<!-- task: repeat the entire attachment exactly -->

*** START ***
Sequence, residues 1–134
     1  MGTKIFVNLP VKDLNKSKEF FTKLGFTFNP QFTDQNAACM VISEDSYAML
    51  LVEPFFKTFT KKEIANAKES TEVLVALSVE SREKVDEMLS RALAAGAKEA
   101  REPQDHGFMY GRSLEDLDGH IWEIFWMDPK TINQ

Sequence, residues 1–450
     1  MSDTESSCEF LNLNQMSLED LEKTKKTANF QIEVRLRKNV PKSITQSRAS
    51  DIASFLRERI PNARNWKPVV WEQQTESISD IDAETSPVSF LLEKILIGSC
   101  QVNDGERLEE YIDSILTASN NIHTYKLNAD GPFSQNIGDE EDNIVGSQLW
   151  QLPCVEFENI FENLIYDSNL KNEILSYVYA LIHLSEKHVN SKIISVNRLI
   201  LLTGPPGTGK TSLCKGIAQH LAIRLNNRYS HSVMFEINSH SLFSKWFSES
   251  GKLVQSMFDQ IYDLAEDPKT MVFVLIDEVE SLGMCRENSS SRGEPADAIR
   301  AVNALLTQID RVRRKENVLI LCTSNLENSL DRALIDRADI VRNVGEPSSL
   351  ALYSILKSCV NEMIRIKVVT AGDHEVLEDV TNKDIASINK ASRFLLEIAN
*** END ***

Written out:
Sequence, residues 1–134
     1  MGTKIFVNLP VKDLNKSKEF FTKLGFTFNP QFTDQNAACM VISEDSYAML
    51  LVEPFFKTFT KKEIANAKES TEVLVALSVE SREKVDEMLS RALAAGAKEA
   101  REPQDHGFMY GRSLEDLDGH IWEIFWMDPK TINQ

Sequence, residues 1–450
     1  MSDTESSCEF LNLNQMSLED LEKTKKTANF QIEVRLRKNV PKSITQSRAS
    51  DIASFLRERI PNARNWKPVV WEQQTESISD IDAETSPVSF LLEKILIGSC
   101  QVNDGERLEE YIDSILTASN NIHTYKLNAD GPFSQNIGDE EDNIVGSQLW
   151  QLPCVEFENI FENLIYDSNL KNEILSYVYA LIHLSEKHVN SKIISVNRLI
   201  LLTGPPGTGK TSLCKGIAQH LAIRLNNRYS HSVMFEINSH SLFSKWFSES
   251  GKLVQSMFDQ IYDLAEDPKT MVFVLIDEVE SLGMCRENSS SRGEPADAIR
   301  AVNALLTQID RVRRKENVLI LCTSNLENSL DRALIDRADI VRNVGEPSSL
   351  ALYSILKSCV NEMIRIKVVT AGDHEVLEDV TNKDIASINK ASRFLLEIAN